We proposed a project that would build on the incredible legacy of work that’s been done in disability justice and advocacy, but also in disability studies, which is found largely in the humanities, and put these into conversation with scholarship on chronic illness, most of which is in the social sciences. It’s not so much a question of what a social science approach might be missing as it is saying, “Here’s another body of scholarship and, if we bring them together, they’ll allow us to be able to address the current moment in a way that we otherwise couldn’t.”
What are your goals for the project?
Vora: Our goal is to build a community for the participants, not just at Yale or UC Davis but across the country. Along with seminars for graduate students that Ryan and I will co-teach, we’ll hold workshops, seminars, and two summer symposia to bring together academics and collaborators from across communities, all to consider the intersection of research and advocacy concerning disability and chronic illness.
We’re also thinking about the future of academic leadership in these fields. Disabled people are very much underrepresented in the U.S. professoriate, so we’re trying to create mentorship structures for people with disabilities and chronic illnesses.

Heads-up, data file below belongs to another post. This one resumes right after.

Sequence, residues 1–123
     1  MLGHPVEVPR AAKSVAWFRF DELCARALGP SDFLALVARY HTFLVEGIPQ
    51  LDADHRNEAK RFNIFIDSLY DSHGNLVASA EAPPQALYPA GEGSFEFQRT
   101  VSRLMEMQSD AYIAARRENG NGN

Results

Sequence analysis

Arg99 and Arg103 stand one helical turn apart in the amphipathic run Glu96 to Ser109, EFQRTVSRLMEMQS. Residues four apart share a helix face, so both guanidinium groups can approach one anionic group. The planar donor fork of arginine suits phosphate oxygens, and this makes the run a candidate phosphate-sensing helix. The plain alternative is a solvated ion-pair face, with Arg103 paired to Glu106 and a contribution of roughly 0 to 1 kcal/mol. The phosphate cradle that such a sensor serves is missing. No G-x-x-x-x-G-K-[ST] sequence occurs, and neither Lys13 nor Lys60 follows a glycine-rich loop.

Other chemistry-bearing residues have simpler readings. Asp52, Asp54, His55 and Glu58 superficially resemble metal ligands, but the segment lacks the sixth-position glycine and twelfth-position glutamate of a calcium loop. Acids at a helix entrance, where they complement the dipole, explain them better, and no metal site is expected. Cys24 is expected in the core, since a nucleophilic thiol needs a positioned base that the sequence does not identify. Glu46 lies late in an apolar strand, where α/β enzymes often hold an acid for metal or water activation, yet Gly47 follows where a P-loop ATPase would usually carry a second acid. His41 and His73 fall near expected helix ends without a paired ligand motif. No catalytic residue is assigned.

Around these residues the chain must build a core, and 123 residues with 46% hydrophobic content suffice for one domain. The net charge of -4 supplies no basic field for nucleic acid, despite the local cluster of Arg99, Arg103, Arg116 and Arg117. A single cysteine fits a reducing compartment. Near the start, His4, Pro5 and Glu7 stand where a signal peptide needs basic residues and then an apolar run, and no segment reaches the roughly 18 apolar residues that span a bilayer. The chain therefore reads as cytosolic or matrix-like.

Most of the grant we received from the Mellon Foundation will go towards what we’re thinking of as “radical accessibility.” That basically means giving people whatever support they need to have full intellectual participation in the project.
For example, the two summer symposia [one at Yale and one at UC Davis] will bring together a network of community members, advocates, organizers, activists, students, and faculty from across the country. We’ve budgeted for accessible transit, to have cots and couches available, quiet rooms, chemical and fragrance-free products, as well as CART [computer-aided real time transcription] and ASL [American sign language] interpretation. This also means doing advanced research into accessible spaces and services needed on each campus or advocating for the creation of accessible spaces.
We’re also simplifying the application process and reducing administrative hassle, which I think can often be a hindrance for people whose energies are otherwise engaged, say, in taking care of their own access needs. And we are committed to financially supporting people who need physical aids to travel or who have dependents with whom they need to travel.